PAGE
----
Religion and Public Goods Provision: Evidence from Catholicism and Islam
44 Pages Posted: 1 Aug 2011 Last revised: 17 Aug 2011
Date Written: 2011
What are the institutional and spiritual mechanisms which enable religious communities to produce public goods? With the collapse of many states and the retrenchment of social services, much recent political science research has asked what fosters provision of public goods outside of state or government. However, organized religions have an ambiguous status in research on civil society, with some scholars conceptualizing and analyzing them as components, and others excluding them. Our project advances the study of public goods provision and group cooperation in political science by giving sustained and systematic attention to the causal properties of Catholicism and Islam as producers of generous behavior. What specific religious beliefs and institutions promote generosity? Do these vary across religious traditions?
This paper will focus on these questions, using data from field research conducted in Milan, Paris, Dublin and Istanbul and derived from semi-structured interviews with religious community members, and religious leaders in Dublin and Istanbul. Italy, France and Ireland have been and remain crucial to the history and life of the Catholic Church and Catholicism; Turkey is a leading Islamic country, with a significant role in Islam’s history. We argue that religious communities produce public goods through mobilizing their spiritual and institutional repertoire. A number of factors significantly influence generosity of individual members: individual’s relation to his or her religious community and his or her experience of its rituals; the religion’s institutional capacity to get its members involved in charitable activities; and national social welfare policies. We use this study of generosity within Catholicism and Islam to test several propositions derived from the literature on public goods provision. We also use this study to test what the mechanisms for public and club goods provision within the two religions are - what aspects of their theology and rituals, of their community and institutional structures, promote public goods provision? We suggest that not only do organized religions provide sanctions and incentives through their theologies and institutional structures, but these same theologies and institutional structures can also elicit the pro-social tendencies of individuals. Both religions have institutional structures and belief systems that facilitate generosity, the providing of public goods at a cost in time and expense and effort to oneself. For these two mainstream religions, neither one has strong sanctioning or monitoring systems; Islam perhaps has a stronger one than Catholicism, but neither religion could be characterized as being a strict sect.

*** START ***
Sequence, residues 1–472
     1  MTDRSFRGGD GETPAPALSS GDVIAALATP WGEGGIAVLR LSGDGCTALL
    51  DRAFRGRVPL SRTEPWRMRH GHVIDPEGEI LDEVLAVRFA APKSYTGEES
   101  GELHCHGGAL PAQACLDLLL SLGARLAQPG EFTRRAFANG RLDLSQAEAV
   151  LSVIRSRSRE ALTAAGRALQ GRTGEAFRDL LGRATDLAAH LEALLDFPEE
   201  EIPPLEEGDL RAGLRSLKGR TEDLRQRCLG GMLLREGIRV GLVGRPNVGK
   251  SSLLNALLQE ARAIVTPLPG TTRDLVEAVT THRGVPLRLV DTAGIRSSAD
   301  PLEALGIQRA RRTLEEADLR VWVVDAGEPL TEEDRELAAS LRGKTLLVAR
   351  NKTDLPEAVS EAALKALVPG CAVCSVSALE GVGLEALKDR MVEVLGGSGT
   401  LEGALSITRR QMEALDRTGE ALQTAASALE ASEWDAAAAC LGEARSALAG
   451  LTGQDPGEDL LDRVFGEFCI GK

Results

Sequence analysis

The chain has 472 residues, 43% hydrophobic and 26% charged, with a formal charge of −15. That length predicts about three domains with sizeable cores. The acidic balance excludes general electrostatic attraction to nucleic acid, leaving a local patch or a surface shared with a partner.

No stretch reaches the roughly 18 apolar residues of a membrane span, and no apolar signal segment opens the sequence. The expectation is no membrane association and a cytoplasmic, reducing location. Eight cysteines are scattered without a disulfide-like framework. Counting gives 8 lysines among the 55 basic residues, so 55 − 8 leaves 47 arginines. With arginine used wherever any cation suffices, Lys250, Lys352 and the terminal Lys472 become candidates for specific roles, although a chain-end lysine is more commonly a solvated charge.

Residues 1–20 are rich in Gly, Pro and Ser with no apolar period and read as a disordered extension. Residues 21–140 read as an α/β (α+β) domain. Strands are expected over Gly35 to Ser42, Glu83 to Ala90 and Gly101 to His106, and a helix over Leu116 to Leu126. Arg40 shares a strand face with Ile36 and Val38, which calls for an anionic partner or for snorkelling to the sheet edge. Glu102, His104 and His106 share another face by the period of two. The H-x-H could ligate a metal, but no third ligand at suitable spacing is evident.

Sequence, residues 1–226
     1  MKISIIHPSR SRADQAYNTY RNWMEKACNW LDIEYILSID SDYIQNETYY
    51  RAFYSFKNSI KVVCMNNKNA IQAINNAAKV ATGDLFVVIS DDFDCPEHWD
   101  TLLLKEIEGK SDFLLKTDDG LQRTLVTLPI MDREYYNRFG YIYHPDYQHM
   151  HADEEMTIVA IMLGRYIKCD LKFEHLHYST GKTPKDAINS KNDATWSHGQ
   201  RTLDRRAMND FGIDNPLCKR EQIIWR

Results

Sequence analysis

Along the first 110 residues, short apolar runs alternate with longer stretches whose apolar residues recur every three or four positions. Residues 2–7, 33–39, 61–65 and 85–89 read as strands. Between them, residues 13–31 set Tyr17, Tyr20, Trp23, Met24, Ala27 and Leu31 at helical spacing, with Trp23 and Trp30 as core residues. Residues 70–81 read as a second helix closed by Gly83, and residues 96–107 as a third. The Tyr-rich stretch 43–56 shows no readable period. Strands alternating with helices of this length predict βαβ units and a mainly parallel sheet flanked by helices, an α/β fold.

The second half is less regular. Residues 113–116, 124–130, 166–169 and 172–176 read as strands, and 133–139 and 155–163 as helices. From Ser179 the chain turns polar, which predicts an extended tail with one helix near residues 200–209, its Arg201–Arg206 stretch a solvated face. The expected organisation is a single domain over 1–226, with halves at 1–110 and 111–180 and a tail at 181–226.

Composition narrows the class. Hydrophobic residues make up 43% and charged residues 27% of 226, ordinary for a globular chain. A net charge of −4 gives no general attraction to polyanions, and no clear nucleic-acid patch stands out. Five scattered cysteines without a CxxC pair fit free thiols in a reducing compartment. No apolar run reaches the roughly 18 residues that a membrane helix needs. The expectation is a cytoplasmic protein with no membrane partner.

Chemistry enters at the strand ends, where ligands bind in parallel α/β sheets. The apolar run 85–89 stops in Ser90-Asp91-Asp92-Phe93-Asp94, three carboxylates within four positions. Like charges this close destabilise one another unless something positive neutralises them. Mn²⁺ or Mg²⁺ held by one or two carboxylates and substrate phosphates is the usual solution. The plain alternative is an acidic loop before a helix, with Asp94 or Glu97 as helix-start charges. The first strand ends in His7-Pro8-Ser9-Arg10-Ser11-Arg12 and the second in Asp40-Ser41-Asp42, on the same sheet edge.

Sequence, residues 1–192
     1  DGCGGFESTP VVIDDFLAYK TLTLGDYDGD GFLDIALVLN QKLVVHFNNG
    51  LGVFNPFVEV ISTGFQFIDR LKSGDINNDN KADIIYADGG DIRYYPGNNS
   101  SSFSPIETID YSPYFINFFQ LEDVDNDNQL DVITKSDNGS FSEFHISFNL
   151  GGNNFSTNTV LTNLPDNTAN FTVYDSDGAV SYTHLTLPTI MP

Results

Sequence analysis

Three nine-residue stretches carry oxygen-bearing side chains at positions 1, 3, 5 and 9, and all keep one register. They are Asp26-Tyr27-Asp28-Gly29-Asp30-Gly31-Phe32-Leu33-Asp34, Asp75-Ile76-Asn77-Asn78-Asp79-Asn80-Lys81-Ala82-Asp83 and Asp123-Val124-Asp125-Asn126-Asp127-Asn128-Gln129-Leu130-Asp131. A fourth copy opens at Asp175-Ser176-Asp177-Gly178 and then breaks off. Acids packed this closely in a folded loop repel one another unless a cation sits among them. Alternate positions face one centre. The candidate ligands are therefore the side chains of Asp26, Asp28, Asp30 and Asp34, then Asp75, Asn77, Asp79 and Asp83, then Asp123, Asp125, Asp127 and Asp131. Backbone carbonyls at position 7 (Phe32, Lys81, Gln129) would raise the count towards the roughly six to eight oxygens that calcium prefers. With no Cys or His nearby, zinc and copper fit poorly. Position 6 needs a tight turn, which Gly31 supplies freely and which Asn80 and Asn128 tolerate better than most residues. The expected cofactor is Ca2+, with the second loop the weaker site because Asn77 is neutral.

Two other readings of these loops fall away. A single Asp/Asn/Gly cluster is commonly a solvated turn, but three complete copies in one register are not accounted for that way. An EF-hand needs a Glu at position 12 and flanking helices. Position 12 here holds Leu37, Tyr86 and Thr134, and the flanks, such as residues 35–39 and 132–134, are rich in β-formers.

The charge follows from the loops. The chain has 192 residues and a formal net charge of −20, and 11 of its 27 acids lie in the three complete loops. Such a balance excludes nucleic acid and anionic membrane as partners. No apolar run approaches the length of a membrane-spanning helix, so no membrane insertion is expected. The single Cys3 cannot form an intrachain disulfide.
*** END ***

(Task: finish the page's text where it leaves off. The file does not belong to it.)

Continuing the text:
The paper assesses these factors through analysis of semi-structured interviews and questionnaires, and case study materials in order to further assess various hypothesized causal mechanisms.
Keywords: Catholicism, Islam, public goods, generosity
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